Not a bad adventure - and the science was good (relying only on only one rather minor discovery which has not actually occurred - and probably never will).

Wyrd bið ful aræd - bull!
thar
Posted: Wednesday, July 11, 2018 5:21:10 PM

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I like the topic of Earth's thermal history in general, because it is an object lesson in science. - Listen to the geologists! Just kidding. They did the same thing when it came to continental drift - listen to the meteorologist!

But it is why the early calculations on the age of the Earth were wrong.

The geologists were saying that under the principle of uniformitarianism (ie things happen in the same way throughout time) that the Earth must be very old, because currently things happen very slowly!

Kelvin got together all the information he could about thermal gradients, and rock melting points, and using thermodynamics he calculated the cooling rate to give the current state of the Earth from an initial molten state, and got a age of 100 million years. Minimum 20Ma, maximum 400Ma, the wide range because of the uncertainties in his data.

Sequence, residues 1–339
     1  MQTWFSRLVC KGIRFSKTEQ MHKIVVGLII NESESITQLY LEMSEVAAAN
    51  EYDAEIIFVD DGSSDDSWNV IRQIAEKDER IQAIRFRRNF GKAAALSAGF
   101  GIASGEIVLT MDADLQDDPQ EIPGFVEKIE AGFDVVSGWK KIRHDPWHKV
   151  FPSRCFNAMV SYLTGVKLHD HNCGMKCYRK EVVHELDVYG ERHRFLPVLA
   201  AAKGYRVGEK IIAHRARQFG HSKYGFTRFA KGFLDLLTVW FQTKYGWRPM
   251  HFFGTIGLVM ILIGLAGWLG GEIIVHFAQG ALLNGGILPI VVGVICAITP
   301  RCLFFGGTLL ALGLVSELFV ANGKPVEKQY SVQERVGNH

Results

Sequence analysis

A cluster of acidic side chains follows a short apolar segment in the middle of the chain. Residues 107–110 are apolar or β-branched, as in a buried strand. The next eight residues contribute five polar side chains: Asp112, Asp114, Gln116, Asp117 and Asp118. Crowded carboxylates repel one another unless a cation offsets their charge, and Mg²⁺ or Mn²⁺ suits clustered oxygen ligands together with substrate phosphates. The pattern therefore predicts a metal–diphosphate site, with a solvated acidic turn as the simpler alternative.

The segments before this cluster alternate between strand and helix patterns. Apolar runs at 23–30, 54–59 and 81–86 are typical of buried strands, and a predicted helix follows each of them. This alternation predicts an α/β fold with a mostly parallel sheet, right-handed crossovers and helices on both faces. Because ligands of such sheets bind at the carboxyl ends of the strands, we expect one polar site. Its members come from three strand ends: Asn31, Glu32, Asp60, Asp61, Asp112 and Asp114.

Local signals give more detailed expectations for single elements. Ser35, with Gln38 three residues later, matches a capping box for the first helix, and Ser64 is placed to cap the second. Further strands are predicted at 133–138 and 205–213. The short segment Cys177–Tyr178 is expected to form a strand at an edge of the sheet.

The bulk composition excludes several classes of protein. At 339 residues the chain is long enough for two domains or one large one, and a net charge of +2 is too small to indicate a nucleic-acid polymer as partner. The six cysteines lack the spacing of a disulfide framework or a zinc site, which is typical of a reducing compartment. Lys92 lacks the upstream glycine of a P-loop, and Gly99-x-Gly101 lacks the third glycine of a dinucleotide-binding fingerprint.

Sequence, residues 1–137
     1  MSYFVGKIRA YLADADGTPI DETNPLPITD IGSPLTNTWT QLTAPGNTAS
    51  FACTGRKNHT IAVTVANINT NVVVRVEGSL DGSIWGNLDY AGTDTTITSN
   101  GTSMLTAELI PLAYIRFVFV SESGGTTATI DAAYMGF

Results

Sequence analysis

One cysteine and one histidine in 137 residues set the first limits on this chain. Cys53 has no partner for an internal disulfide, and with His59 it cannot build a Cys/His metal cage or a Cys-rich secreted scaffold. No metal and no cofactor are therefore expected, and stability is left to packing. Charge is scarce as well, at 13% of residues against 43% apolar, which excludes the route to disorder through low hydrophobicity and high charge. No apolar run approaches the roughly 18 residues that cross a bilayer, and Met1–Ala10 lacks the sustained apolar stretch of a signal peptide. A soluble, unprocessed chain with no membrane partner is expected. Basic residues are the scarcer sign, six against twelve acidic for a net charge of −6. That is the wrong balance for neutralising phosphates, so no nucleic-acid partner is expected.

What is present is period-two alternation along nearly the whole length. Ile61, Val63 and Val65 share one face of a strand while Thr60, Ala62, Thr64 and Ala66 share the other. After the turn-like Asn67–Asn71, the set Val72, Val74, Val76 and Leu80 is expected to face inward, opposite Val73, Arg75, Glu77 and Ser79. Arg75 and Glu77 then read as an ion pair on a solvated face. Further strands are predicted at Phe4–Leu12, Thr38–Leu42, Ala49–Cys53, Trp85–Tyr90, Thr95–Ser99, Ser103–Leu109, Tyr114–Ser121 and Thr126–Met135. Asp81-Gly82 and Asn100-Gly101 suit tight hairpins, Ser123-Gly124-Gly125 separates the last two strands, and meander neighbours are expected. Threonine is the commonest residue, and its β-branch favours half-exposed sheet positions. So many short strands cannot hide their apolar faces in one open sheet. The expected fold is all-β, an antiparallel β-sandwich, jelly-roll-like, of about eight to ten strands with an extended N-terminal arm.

Since Kelvin was so respected, the geologists like Lyell had a hard time telling people the Earth must be much older than that. It also gave Darwin (who was convinved by the arguments of uniformitarian geologists) a bit of a problem to fit in time for all that evolution!

Quote:
Some of the great scientists, carefully ciphering the evidences furnished by geology, have arrived at the conviction that our world is prodigiously old, and they may be right but Lord Kelvin is not of their opinion. He takes the cautious, conservative view, in order to be on the safe side, and feels sure it is not so old as they think. As Lord Kelvin is the highest authority in science now living, I think we must yield to him and accept his views.

-Mark Twain, Letters from the Earth (Burchfield, ix)


Quote: